By CAROL WILLIAMS and CHARLIE WELLENSTEIN Year after year our legislators and governors have stated that a critical goal of legislative sessions is to provide opportunities for and to enhance the lives of the children and families of Montana. Yet, during the past 10 years, those opportunities have been squandered. Our children are denied the opportunities that their elected leaders promised.
We ask that our lawmakers and the administration address three issues that are unequivocally universal rights of all children: the right to live in a healthy environment without poverty, the right to health care and the right to a quality education.
There are 75,000 Montana children who live in households that are described as working poor. How do we protect the 21 percent of Montana's children who live below the federal poverty line? Additionally, the lack of health insurance continues to plague Montanans.
Of the 165,000 citizens of our state who do not have health insurance, 55,000 are children.
The main efforts to address the health of our children have been feeble. Our legislators voted to assist the health of Montana's children by increasing their eligibility for the Children's Health Insurance Program. However, this effort was hollow, since legislators never allotted more funding for the program. Our governor also persuaded the Legislature to allocate the majority of the money obtained from the tobacco lawsuits to the General Fund. The settlement money was designed to run comprehensive programs to prevent our youth from smoking and to pay for health care focused on tobacco-related illnesses. We believe that there is something fundamentally wrong by trying to balance the budget by risking the health of our children.
We advocate that a high-quality education means giving our children the best education possible. Montana teachers rank 48th in pay nationally. Montana schools will receive $10 million less in state funding this year than they did in the 2000-01 school year. Montana's American Indian students experience a dropout rate more than three times higher than non-Indian students. In the past decade, the Montana Legislature has funded public schools 16 percent below the rate of inflation. The current plans to reform education never include increasing the budget to invest in our children. Educational reform means more than reducing teachers' salaries and cutting school programs from an already stretched system. If the money is not available, our lawmakers in Helena need to have the requisite courage and foresight to obtain funding.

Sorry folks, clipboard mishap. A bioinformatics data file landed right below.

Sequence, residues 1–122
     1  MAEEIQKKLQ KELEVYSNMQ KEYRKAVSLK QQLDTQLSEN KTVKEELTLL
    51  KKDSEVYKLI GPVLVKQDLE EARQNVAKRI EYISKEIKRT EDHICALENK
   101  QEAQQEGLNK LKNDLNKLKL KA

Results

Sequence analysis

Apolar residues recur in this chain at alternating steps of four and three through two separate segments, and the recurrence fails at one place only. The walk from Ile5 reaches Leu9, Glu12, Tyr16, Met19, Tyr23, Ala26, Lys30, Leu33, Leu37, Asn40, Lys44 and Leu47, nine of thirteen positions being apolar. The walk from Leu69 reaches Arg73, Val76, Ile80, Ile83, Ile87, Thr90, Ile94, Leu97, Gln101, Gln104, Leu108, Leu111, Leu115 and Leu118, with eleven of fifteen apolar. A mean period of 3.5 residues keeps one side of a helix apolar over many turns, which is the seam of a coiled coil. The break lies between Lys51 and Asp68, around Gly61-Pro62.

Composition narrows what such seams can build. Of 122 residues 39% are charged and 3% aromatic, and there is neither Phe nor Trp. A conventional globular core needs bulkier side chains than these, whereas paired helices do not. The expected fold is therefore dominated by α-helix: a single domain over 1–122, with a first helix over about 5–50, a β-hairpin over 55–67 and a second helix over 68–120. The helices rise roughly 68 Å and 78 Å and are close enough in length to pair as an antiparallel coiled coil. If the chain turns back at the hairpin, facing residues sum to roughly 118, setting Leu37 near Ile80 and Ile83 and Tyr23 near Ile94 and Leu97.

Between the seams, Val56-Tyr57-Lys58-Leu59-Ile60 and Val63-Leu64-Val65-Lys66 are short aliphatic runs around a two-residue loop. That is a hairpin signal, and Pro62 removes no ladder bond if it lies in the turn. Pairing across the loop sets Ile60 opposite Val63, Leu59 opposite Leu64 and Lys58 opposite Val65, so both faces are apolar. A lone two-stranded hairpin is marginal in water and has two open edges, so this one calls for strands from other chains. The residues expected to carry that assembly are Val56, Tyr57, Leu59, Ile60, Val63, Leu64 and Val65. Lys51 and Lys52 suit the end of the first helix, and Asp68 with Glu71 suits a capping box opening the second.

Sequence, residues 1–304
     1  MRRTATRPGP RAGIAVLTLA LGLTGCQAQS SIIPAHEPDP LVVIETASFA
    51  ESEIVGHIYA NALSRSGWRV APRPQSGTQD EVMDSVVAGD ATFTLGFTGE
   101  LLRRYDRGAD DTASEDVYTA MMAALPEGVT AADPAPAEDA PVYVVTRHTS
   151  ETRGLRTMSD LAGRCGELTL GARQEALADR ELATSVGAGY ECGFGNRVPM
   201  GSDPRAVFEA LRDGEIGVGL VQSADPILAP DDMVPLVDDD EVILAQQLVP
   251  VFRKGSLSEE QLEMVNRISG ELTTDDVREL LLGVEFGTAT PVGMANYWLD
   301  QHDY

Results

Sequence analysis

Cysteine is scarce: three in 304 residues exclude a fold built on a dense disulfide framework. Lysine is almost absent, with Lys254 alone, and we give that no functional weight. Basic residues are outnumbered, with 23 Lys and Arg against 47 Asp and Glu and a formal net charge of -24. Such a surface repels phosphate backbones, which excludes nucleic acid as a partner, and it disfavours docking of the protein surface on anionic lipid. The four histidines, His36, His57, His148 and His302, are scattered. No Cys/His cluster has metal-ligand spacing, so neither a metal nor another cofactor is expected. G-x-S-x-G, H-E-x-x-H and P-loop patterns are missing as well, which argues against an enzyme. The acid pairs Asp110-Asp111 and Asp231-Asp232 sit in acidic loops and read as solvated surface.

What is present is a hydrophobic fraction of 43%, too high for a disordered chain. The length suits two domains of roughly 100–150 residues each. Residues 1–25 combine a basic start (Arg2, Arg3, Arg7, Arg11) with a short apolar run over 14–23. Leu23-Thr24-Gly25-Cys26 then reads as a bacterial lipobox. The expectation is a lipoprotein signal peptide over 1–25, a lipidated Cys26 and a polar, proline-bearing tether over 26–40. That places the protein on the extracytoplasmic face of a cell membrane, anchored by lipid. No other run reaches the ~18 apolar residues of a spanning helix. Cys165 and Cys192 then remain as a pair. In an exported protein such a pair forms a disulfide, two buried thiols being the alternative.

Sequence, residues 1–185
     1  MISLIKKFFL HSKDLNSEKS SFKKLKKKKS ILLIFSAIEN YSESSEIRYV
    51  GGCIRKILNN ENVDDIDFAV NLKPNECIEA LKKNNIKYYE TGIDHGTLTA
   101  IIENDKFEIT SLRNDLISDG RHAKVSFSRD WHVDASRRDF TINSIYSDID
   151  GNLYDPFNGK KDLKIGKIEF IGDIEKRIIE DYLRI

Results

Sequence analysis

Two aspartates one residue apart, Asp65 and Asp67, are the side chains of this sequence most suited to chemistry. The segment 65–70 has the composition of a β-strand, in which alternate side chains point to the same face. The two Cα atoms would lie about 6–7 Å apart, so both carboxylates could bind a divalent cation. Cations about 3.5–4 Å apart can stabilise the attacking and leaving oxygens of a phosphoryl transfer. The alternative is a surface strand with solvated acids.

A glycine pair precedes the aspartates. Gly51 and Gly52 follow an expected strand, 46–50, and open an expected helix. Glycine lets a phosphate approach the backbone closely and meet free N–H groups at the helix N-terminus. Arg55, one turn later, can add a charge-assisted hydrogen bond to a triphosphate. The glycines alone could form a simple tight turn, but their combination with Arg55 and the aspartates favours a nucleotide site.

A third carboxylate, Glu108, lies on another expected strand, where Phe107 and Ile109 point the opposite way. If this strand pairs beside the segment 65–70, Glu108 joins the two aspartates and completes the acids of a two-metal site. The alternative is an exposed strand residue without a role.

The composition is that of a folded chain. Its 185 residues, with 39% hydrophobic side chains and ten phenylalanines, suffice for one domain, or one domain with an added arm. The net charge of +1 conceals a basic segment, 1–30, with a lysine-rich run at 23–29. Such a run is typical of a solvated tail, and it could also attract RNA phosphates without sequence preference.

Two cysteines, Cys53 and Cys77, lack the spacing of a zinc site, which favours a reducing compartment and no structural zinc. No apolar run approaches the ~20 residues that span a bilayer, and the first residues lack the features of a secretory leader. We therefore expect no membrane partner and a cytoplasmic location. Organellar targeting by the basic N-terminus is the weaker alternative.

The kindergarten-through-12 schools are not the only educational system that deprives our youth of success. Montana is funding higher education at a level 44 percent below seven peer states chosen by the Legislature for comparison. Due to the lack of funding by the Legislature, Montana's families have absorbed tuition increases totaling 102 percent since 1992.
Affordable higher education is a cornerstone of economic well-being. Research conducted by the U.S. Department of Labor shows that those who graduate from a four-year university enjoy a substantial increase in income compared to those with just a high-school diploma.
We have formed Montana Kids First Political Action Committee solely to represent the voices and needs of Montana's children - children who have no party ties and who are not represented by special interests. Montana Kids First proposes to make our governor and legislators accountable for their voting pledges and records.
In the coming months we will examine and publish the voting records of our lawmakers regarding these issues and others related to the well-being of Montana's children. Also, we will distribute questionnaires asking where incumbents and candidates running for office stand on issues that will support the children of Montana. In the spring, we will compile our results and present a "State of Montana's Children" report.
Gov. Judy Martz, in her recent report to the people of Montana, stated, "We will not leave any Montanan behind." She promised to lead and deliver a better life for every Montanan. We believe that being pro-family and pro-child should be more than a sound bite or a pledge; it should be a promise that is kept.
Carol Williams is a former Democratic legislator from Missoula; Charlie Wellenstein teaches social work at the University of Montana. Both are members of Montana Kids First Political Action Committee.
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